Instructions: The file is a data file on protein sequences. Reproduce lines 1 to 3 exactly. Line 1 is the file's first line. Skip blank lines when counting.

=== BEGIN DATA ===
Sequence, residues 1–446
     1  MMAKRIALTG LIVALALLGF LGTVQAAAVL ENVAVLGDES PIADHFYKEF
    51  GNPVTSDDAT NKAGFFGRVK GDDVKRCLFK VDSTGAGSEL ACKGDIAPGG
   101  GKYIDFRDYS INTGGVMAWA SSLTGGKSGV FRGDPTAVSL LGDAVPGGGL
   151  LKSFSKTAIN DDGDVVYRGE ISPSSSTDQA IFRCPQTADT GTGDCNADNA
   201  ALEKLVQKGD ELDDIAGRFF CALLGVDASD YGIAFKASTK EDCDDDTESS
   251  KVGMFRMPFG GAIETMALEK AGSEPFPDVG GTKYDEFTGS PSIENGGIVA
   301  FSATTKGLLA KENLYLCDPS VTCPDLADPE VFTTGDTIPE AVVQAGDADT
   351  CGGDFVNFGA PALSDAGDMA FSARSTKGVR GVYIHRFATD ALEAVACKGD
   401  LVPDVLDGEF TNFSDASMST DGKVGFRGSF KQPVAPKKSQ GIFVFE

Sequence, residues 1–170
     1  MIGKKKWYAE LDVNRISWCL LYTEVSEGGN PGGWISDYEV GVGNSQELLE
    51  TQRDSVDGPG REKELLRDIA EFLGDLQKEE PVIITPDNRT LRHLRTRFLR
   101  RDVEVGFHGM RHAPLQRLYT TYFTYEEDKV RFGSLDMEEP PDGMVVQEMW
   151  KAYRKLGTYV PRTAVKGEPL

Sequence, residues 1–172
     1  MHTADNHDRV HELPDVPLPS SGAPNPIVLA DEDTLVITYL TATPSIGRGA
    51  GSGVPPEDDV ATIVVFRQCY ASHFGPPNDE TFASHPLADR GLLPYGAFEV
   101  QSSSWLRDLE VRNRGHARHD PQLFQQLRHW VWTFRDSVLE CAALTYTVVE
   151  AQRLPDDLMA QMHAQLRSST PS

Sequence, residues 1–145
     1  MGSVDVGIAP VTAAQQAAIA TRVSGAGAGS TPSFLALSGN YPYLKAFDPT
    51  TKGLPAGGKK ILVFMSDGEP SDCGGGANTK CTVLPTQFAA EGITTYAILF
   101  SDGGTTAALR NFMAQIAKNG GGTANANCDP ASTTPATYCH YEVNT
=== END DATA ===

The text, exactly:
Sequence, residues 1–446
     1  MMAKRIALTG LIVALALLGF LGTVQAAAVL ENVAVLGDES PIADHFYKEF
    51  GNPVTSDDAT NKAGFFGRVK GDDVKRCLFK VDSTGAGSEL ACKGDIAPGG